St. Clair River: Area of Concern
The contributions of binational, federal, provincial and local agencies, local industries, and other community partners continue to have a positive impact upon the water quality and ecosystem health within the Canadian section of the St. Clair River Area of Concern (AOC).
Why was it listed as an Area of Concern?
The St. Clair River was designated as an AOC in 1985 because available data and field studies indicated that water quality and environmental health were severely degraded. A history of industrialization, urbanization and agricultural land use activities on the St. Clair River and in its tributary watersheds resulted in nine of the Great Lakes Water Quality Agreement's 14 beneficial use indicators (BUIs) of quality being deemed as impaired and three identified as requiring further assessment.
What has been accomplished?
There has been significant progress over the past twenty-five years in restoring the water and environmental quality of the St. Clair River largely through legislative measures that have significantly reduced contaminant loads to the river from industrial and municipal sources. For example, implementation of the Municipal Industrial Strategy for Abatement program, introduced in the early 1990’s, provided a framework to control toxic contaminants in the petroleum and inorganic chemical sectors, both of which are prevalent in Sarnia. The result was a 75% reduction in contaminant loads to the river. A clean up of 13 300 cubic metres of contaminated sediment by Dow Chemical in 2002 resulted in improved water and sediment quality. Municipal infrastructure upgrades also reduced bacteria and unsightly discharges that impacted local beaches and the aesthetics of the river.
Today on the Canadian side of the St. Clair River AOC, three beneficial uses have been restored to a “not impaired” status: tainting of fish and wildlife flavour in 2011, added costs to industry and agriculture in 2012, and degradation of aesthetics in 2016. A further two BUIs have met their restoration criteria and consultations are underway towards their re-designation to “not impaired” status which is expected in 2017. Four years of fish and wildlife studies have concluded and status reports are being prepared for the three beneficial uses that had been identified as requiring further assessment.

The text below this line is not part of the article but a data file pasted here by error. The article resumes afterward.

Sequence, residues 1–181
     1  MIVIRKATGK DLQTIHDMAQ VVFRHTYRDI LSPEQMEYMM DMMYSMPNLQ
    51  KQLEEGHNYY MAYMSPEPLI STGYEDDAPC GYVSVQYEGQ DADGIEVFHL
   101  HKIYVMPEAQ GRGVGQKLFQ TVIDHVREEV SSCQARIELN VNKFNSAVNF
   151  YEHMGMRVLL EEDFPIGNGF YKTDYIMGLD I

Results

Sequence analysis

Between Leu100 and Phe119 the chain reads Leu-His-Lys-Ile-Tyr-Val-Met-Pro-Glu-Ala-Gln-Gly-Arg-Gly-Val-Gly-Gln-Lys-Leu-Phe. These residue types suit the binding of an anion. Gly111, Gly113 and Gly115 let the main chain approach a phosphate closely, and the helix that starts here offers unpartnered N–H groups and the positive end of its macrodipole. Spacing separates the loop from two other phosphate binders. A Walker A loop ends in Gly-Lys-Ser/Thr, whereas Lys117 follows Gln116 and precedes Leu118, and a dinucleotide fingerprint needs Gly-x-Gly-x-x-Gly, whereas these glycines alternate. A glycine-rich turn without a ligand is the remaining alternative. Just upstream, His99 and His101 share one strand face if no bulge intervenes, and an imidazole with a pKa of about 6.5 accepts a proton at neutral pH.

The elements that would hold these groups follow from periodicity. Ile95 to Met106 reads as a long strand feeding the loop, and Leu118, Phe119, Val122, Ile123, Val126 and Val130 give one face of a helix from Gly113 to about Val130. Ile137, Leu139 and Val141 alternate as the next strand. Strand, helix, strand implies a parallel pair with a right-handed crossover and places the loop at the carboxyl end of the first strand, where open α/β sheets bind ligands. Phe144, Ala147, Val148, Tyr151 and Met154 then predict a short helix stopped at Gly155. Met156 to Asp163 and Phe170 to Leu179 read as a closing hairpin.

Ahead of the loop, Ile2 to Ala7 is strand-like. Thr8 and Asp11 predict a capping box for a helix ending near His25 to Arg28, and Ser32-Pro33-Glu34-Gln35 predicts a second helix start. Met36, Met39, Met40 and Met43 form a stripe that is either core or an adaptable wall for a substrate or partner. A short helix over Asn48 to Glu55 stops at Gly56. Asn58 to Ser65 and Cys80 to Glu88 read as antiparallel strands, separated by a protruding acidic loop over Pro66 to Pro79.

Significant progress has been made in restoring the “Loss of Fish and Wildlife Habitat” BUI where six of the seven restoration targets have been achieved. A discussion paper on the drinking water BUI has been written and input from consultations with the two First Nations, local communities and other stakeholders will help guide next steps to effectively address this impairment.
Other BUIs are “restrictions on fish and wildlife consumption”, and “degradation of benthos” (benthic organisms live in and on the bottom of the river). These impairments are showing some improvement however sediment remediation is needed in order to fully address the remaining issues.
Recent actions that contributed to the overall improvement in the environmental health of the St. Clair River include:
- In 2015, $30 Million was approved to upgrade City of Sarnia’s Wastewater System over five years. The upgrade includes improvements to pumping stations, waste water treatment plants and the sewer system.
- Between 2006 and 2014, approximately 15 kilometres of combined sewers in Sarnia were separated resulting in a 40% (average) decrease in the volume of combined sewer overflows and wastewater plant bypasses into the St. Clair River. Sewer separation is a priority and work is ongoing.
- Investment of $1.2 Million in an automated system to monitor wastewater flows into Sarnia’s 56 pumping stations will improve flow management and ultimately reduce the need for bypasses to the river.